Cedrol


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pine cone and cedrol

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Ben Valsler
This week, Raychelle Burks investigates a compound that can make you smell very attractive – but perhaps not in the right way…
 
Raychelle Burks
Today, most cedarwood oil doesn’t come from true cedar trees, but from juniper and cypress trees. Wherever it comes from, the woody smell of cedarwood oil is very popular. Thousands of metric tons of the stuff is produced every year and much of it – or it’s products – is used in perfumes and colognes, soaps and shampoos, lotions and creams. Like many other essential oil scents, the fragrance of cedarwood is due to a collection of chemicals. In Virginia and Texas cedarwood oil, one major odour chemical is cedrol.
 
Cedrol itself is noted to have a light woody odour, being a fragrant terpenoid. Terpenoids consist of isoprene units, and, as it’s constructed of three isoprene units, cedrol falls in the sesquiterpene group. Fragrant sesquiterpenes, like those in cedarwood oil or sandalwood oil, are are often touted as being insect repellents. Cedrol might repel some insects, but it attracts mosquitos. And not just any mosquitos – pregnant mosquitos. Oddly enough, this is actually a good thing. Why? ‘Attract and kill’.
 
‘Attract and kill’ is a pest control strategy that requires an attracting agent and a killing agent. We need something to attract pests to a specific area and something to kill said pests once they’re in our trap zone. For mosquitos, if we can lower their population, we can also lower the incidences of mosquito-borne diseases like malaria. 
 
Malaria is caused by parasites of the genus Plasmodium, which infect mosquitos and the mosquitoes then infect us. People with malaria might feel like they’ve got the flu, with fever and chills. But if left untreated, it can result in death. According the US Centers for Disease Control and Prevention, there were an estimated 198 million cases of malaria worldwide in 2013 with 500,000 fatalities, mostly children in the African region. The attract and kill strategy can significantly diminish mosquito populations and halt this major route of malarial infection. According to the London School of Hygiene & Tropical medicine, controlling disease vectors – those pesky mosquitos – is the best way to combat malaria in sub-Saharan Africa.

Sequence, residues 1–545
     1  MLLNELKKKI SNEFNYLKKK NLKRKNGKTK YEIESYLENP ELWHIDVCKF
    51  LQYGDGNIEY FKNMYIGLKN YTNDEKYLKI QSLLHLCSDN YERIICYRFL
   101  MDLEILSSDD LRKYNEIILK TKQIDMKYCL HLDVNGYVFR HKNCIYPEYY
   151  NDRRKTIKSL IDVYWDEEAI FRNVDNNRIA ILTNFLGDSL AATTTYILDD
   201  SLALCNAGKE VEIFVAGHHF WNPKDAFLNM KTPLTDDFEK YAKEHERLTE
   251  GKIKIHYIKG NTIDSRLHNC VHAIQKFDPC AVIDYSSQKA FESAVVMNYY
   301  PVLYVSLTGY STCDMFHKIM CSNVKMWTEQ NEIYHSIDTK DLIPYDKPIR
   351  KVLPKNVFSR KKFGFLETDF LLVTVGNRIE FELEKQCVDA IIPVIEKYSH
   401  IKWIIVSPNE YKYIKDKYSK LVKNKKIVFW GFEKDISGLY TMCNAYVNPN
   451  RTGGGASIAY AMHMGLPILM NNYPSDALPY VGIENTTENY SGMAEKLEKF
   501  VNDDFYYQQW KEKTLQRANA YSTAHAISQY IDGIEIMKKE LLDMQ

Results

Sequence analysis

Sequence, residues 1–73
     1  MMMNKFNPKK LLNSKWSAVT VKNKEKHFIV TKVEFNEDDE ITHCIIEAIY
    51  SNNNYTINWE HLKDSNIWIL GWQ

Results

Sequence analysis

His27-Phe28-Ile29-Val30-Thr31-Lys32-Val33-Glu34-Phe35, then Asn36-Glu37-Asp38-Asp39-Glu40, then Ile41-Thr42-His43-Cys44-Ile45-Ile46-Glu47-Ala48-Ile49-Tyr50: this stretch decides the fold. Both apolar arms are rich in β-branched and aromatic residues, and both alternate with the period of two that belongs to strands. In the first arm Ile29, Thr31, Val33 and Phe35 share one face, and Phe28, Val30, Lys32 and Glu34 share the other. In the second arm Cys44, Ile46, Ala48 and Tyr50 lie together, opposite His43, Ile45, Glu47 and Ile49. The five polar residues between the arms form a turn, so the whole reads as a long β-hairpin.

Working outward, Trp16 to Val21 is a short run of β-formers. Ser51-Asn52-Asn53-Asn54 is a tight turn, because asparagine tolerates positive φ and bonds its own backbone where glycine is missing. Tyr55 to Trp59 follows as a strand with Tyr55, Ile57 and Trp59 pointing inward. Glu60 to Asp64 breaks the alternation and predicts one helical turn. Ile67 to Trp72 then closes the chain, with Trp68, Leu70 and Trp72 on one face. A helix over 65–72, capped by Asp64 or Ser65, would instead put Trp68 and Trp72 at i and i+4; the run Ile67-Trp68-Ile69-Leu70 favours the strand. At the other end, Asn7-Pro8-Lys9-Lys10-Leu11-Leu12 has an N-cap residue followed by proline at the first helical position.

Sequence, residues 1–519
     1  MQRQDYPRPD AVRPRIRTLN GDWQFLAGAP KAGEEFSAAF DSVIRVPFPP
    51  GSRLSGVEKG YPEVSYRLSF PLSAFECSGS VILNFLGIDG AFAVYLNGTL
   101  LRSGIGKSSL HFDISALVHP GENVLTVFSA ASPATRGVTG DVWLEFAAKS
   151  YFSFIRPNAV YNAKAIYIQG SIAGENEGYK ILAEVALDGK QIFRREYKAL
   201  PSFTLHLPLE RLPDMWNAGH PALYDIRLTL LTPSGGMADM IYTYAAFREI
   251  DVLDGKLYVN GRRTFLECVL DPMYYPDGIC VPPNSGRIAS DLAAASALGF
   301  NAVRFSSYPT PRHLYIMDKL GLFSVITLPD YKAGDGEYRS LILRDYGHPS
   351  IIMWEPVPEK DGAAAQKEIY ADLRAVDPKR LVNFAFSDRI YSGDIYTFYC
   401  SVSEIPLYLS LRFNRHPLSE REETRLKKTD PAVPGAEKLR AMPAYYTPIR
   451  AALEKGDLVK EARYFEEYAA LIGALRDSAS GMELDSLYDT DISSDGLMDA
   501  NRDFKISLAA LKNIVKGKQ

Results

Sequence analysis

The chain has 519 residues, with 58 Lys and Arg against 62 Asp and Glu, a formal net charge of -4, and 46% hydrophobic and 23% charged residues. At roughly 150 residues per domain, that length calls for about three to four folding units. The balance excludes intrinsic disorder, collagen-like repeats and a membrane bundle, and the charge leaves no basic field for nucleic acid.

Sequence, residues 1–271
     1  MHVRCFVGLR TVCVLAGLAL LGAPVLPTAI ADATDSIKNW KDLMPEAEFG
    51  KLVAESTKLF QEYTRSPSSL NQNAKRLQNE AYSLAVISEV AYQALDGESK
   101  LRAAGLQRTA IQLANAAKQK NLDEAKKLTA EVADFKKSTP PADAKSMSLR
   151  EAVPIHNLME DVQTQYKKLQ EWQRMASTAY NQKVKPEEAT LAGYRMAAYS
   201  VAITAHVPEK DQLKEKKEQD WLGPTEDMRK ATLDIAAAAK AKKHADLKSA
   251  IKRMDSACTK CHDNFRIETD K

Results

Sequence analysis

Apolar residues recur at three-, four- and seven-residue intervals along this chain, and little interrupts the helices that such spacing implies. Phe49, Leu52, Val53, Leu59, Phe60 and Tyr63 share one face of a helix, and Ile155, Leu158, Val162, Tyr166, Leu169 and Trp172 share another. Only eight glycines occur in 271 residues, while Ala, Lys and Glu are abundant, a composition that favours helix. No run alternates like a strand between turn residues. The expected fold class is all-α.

In the area of attract and kill pest control, an international research team focused on finding attracting agents for female mosquitos loaded down with eggs (so-called ‘gravid females’). Attracting pregnant mosquitoes for termination before they lay eggs expands the ability to control mosquito populations. After evaluating all sorts of soil and plant infused water combinations, researchers discovered a common chemical was particularly popular with pregnant mosquitos – cedrol. 
 
Research published in Malaria Journal in March, 2015 showed cedrol-treated water attracted twice as many gravid females as plain standing water, which is plenty tempting to mosquitos. In the field, researchers found that wild malaria vector females were three times more likely to be collected in cedrol baited traps than plain water traps. While other chemicals attract mosquitos, cedrol was reported as the first confirmed oviposition attractant for Anopheles gambiae, also known as the African malaria mosquito. Cedrol attracts pregnant mosquitos to specific egg laying sites, which could provide us a new means of controlling mosquito populations and minimizing the global impact of malaria. 
 
Cedrol’s attractive scent could serve a purpose beyond scenting our soaps and lotions. In helping us control the vectors of one of the biggest killers on the planet, cedrol could save lives. 
   
Ben Valsler
Raychelle Burks there, on how being attractive to hungry, pregnant mosquitoes can help to save lives.
 
Next week, Michael Freemantle explains how we all came to benefit from a chemical weapon that didn’t work…
 
Michael Freemantle
The French investigation into the failure of acrolein as a chemical warfare agent therefore had beneficial outcomes, not just for science and technology, but indeed for all of us.
 
Ben Valsler
Join us for the story of acrolein next week. Until then, there are plenty more podcasts on our website, and you can get in touch with any more you’d like to hear at chemistryworld@rsc.org on on twitter, @chemistryworld. I’m Ben Valsler, thanks for listening.
 

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